Paid Leave Matters to Aging Americans Too

In the halls of Congress, policymakers are working hard to write legislation that would help rebuild our economy and provide families with much-needed support. The House version of the Build Back Better Act includes national paid family and medical leave. The Senate bill should do the same.

You may have heard that enacting national paid leave would help define President Joe Biden’s legacy and provide financial security for tens of millions of Americans — especially new parents, front-line workers and women of color. But there are two groups that would greatly benefit from paid leave who have frequently been left out of this national conversation: aging Americans and their caregivers. For them and their families, the stakes are immense.

The pandemic has only exacerbated the daily health risks that seniors face. In the early months of the pandemic, adults ages 65 and older accounted for 80 percent of the deaths from the virus. But there’s more. Advancing age is the most important risk factor for cancer — those ages 60 and older are more than three times as likely to be diagnosed than people in their 40s. Sadly, the statistics are equally or more startling for cardiovascular and neurodegenerative disease.

These are just a few of the many reasons older Americans often rely on family members and close friends to provide support. The average recipient of unpaid care in the United States is 69 years old.

The caregivers who quietly look after these aging individuals are a vital part of our nation’s social and economic infrastructure. Without them, our health care system would crumble, and older Americans would have nowhere to turn.

Many of these individuals aren’t just caring for their aging parents. They are part of the “sandwich generation” that is simultaneously helping their parents while also raising young kids.

It’s time to treat these everyday heroes with the respect and support they deserve. Right now, we’re coming up short. Six in 10 unpaid caregivers don’t have access to paid leave at their workplace. And that doesn’t include many others who are forced to turn down caring for injured, ill or disabled family members because their employer won’t offer the flexibility they need.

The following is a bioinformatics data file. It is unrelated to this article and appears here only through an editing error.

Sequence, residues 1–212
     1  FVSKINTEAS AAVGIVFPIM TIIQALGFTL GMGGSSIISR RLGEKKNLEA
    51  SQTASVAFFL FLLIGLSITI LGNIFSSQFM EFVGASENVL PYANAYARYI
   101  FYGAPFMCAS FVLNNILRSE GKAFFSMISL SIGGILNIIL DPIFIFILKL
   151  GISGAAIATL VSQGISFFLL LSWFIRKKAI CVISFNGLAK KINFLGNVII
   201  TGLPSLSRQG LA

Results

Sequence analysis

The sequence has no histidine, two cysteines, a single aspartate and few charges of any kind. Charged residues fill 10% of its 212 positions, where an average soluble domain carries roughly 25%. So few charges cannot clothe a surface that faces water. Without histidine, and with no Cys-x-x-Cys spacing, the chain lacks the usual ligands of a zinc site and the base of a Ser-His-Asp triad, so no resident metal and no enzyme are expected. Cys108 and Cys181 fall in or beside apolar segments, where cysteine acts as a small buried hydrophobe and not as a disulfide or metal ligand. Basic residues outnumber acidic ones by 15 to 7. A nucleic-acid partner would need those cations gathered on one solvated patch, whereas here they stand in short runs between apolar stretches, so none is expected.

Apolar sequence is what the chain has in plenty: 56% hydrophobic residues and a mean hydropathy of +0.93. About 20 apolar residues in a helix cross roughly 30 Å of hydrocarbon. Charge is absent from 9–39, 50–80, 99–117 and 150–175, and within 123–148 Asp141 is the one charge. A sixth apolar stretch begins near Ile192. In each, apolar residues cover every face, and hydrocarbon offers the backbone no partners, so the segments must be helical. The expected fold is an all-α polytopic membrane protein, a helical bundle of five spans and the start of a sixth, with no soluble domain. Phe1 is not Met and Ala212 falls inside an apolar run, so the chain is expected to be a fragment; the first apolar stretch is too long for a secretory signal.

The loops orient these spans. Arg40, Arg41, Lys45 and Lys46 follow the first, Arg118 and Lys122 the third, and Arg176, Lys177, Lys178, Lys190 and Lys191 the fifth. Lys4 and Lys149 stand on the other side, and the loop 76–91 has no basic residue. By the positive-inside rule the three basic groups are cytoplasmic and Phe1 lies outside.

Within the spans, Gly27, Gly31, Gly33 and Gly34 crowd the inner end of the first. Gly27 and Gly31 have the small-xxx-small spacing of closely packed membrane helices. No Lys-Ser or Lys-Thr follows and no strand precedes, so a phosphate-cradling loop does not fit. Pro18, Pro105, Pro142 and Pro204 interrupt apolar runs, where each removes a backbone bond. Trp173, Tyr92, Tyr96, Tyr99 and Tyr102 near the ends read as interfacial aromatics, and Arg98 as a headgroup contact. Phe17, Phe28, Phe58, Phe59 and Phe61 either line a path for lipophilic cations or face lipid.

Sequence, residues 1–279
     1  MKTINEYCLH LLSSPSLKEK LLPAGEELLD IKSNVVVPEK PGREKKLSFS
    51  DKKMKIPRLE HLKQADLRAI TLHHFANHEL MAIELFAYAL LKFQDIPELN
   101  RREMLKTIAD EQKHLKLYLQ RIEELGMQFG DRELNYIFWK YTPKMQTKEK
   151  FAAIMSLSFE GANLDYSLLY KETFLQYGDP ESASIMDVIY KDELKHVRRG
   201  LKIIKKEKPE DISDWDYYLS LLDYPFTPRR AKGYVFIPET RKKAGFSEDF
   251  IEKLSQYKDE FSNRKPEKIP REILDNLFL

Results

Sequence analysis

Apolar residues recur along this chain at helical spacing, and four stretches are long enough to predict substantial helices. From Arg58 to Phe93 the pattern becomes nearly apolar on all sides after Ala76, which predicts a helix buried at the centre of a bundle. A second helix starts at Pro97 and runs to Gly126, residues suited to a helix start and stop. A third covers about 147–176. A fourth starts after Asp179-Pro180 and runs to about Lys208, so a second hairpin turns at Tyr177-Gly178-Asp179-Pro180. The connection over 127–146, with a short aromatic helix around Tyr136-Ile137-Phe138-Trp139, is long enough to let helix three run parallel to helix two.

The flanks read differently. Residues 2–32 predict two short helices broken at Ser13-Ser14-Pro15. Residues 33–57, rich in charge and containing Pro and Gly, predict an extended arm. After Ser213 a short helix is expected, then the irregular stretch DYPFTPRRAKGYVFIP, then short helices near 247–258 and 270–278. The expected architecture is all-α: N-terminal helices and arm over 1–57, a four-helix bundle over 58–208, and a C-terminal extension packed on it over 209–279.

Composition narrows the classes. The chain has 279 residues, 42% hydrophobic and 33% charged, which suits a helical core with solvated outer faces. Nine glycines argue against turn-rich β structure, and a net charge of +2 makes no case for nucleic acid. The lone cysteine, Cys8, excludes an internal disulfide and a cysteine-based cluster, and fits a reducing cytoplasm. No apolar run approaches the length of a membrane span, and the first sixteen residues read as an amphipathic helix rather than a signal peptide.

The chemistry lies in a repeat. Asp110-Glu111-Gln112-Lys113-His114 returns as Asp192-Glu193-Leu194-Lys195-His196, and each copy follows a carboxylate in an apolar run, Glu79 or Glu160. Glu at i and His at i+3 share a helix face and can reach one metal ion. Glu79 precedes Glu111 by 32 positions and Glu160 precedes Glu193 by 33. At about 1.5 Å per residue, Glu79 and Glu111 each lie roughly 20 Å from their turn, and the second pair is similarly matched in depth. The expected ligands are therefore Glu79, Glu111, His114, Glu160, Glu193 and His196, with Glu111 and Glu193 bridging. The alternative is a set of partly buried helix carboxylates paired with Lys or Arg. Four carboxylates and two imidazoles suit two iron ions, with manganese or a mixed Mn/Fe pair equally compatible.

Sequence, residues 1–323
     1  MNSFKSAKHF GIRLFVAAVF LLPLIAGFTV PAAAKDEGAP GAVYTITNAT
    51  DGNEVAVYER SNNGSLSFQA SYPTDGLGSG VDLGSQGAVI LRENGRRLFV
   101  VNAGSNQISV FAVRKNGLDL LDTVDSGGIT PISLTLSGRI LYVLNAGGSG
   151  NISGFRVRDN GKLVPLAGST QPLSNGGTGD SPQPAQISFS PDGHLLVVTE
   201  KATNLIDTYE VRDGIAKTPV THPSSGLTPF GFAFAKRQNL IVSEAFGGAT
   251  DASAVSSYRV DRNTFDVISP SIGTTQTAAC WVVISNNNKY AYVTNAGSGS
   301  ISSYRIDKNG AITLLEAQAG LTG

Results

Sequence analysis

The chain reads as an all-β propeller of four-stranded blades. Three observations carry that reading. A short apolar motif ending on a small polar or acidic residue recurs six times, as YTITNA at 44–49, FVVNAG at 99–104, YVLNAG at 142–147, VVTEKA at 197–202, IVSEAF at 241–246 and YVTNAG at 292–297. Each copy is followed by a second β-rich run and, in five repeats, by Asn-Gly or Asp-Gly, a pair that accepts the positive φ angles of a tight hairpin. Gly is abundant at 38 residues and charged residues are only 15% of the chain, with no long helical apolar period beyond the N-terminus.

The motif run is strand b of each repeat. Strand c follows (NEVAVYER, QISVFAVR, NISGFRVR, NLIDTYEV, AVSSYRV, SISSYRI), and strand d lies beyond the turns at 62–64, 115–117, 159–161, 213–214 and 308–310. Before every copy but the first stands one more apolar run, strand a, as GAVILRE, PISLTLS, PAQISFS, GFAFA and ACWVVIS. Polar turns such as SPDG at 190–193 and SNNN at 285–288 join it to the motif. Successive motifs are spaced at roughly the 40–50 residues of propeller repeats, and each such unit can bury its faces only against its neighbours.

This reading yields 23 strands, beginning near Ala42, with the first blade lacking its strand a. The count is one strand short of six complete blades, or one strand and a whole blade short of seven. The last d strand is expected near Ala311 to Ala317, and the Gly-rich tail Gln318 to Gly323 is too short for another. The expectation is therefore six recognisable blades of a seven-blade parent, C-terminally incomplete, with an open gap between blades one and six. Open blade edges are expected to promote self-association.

Those of us who have cared for an aging or ailing loved one know we can be called upon at any time of day or night. Doctor appointments don’t fit neatly around work schedules. Often, a complicated mix of medications must be given at specific times.

And though the emotional support we provide to loved ones is a key component of caregiving, most provide their loved ones with far more than that. More than half of caregivers perform complicated, life-saving tasks, including administering injections and providing wound care for adults ages 50 years or older.

Family caregivers help their loved ones live at home — where they want to be. Researchers have linked paid family leave programs to a decline in nursing home utilization, showing how critical it is to support family caregivers in the workplace. Throughout the pandemic, overcrowded nursing homes have sadly fueled many of the larger and deadlier COVID-19 outbreaks. Especially as we fight another pandemic wave, failing to support caregivers is a direct threat to older Americans’ health and wellbeing.

For decades, our country has neglected this critical component of seniors’ quality of life. As our nation’s population grows older, we can’t afford to do that any longer.

Just 10 years ago, adults ages 80 and older had an average of seven potential family caregivers to call upon. According to research from AARP, by 2050 that number will fall to fewer than three. Since nearly 80 percent of working adults lack access to paid family leave, we could face a massive caregiving crisis if Congress doesn’t act soon.

There is a better way. A national, comprehensive paid family and medical leave program would empower caregivers with the freedom and financial security to look after their aging loved ones. The House is on the verge of providing this support to those in need and the Senate should quickly do the same. Older Americans who rely on care from loved ones deserve no less.


Nancy LeaMond is the AARP’s chief advocacy and engagement officer. Debra Ness is the president of the National Partnership for Women and Families.

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